Piri piri chillies, hot red and firey.



Sweet potatoes


Garlic in light and shade

Tags: autumn, Olhao, market, simple, colour


Melbourne details
19 October 2015

  Last month, on a trip to visit my son,  I was bowled over by Victorian and Edwardian architecture in South Yarra`s blossom scented streets    A kind of Melbourne`s Notting Hill with hipster overtones (plenty of beards and foodie haunts), South Yarra would be a place I would happily do up (quick not many left) a pretty unmodernised weatherboard villa.



Filigree detailing in an Italianate style decorates the balconies and verandas built to provide shade from hot summer sun.



I haven`t seen so much picket fencing  since  my forays to Long Island in the US.







Simple  door furniture detail



Corrugated iron roof: classic and practical Australian  style



Victorian bench seating at the Botannical Gardens.




Victorian style beach huts at Dendy Street Beach, Brighton.

Tags: Melbourne, simpledetail, spring


Pure Colour: autumn
16 September 2015


As I write the rain spatters on  the glassy pavements and  the  main view from my desk is monotone grey. The horse chestnut across the road is drooping with ever yellowing leaves and the grass on the front lawn is lush iridescent green from late summer downpours. Autumn is here and  it is time to unfold the blankets from the cupboard on the landing.



  Golden yellow and orange  pumpkins are  seasonal colours cues for room details.



 A cornfield harvesthome  look in  linen by Angie Lewin

 PS Lots more colour inspiration in my book Pure Colour !

Tags: autumn, pumpkins, orange, yellow, blankets


Purecolour summer
16 July 2015

  I aim for colourful and simple eating on hot summer days. For evening drinks or starters at lunch or dinner I  pass round smoked mackerel, beetroot and horseradish on pieces of soda bread or a huge plate of raw vegetables and beetroot puree .  Carrots, chicory, cucumber, radishes and courgettes are  perfect vegetable  colours in orange,  pink, green, and yellows. Substitute the puree with garlic mayonnaise. These went down a treat at my Pure Colour book launch in June, when the garden was heavy with the scent of  rose blooms .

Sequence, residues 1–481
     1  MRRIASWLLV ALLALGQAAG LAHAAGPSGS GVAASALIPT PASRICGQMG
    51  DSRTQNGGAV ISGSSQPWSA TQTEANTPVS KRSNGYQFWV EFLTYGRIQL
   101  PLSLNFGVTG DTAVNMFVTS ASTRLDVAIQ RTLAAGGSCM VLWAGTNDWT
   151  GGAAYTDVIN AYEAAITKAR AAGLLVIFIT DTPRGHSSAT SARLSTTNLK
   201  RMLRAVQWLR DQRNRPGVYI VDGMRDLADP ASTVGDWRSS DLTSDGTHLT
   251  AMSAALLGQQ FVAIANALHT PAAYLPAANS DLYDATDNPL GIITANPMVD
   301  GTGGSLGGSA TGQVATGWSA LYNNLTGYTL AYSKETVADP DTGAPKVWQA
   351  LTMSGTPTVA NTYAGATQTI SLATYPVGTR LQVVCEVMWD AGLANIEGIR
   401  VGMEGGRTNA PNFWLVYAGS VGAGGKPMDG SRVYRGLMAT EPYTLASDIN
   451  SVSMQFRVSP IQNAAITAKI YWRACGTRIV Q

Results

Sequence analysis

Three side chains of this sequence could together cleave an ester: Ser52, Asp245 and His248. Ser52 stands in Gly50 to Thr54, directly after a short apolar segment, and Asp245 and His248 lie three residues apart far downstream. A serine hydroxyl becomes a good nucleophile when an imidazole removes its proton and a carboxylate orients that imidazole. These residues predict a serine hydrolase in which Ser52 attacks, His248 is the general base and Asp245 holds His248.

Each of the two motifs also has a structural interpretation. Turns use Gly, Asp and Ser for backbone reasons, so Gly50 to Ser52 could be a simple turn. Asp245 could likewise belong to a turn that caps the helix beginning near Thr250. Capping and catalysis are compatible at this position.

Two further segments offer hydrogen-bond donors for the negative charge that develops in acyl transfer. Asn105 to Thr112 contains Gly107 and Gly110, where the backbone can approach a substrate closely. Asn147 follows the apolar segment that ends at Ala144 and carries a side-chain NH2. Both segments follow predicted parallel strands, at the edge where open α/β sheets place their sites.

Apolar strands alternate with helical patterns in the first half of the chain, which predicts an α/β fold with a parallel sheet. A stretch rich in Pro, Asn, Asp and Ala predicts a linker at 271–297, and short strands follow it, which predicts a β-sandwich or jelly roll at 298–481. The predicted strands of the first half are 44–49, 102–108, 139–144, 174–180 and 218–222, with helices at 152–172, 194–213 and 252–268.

For the book launch we hung garlands of lights  which gave a  twinkling summer garden party feel to the occasion. Their waterproof qaulity is being tested as we leave them up through the summer cloudbursts to enjoy on warm evenings.



Summer colour in the garden doesn`t stop when the roses are over. I stitch cushions in rose pink  cotton velvet, and purple and yellow linen  by Manuel Canovas to keep the vibe going.





And there`s cake. Cake is best eaten outside  on a winter picnic,  or somewhere shady on a hot afternoon. I make a basic Vctoria sponge and smother it with lemon butter cream.



Tags: purecolour, summer, simpleliving , cake, homemade, linen, cotton, garden


More of my pink passions
03 May 2015

Last week while I was feeling the breeze in  Barbados  and reconnecting with  long lost Bajan Cumberbatches  (an extraordinary story of which I will write later ) the garden was busily bursting forth in an explosion of tulip colours.  On the plane home, I was yearning for the Bajan sea colours which are of unspeakable beauty: gazing from the verandah each day at a glassy expanse of  dark blues  on the horizon,  then ultramarine, and in the shallows, luminous turquoise flecked with white froth.  But  after  battling  against the  early morning commuter flow at Clapham Junction and dragging  my  wheelie bag up  and down the hill,  my mood  lifted as soon as I saw the floral  beauty by my very own back door .

NB  I planted the bulbs randomly and so not quite sure what is what, but know that that the varieties include: Lilac Perfection, Violet beauty, Fringed fancy frills,  Lily flowering China Pink, Triumph ( the white and beetroot coloured ones) and blue parrot tulips, from Dejager
Crocus and Rose Cottage .

Tags: spring, tulips, garden, simple, pink,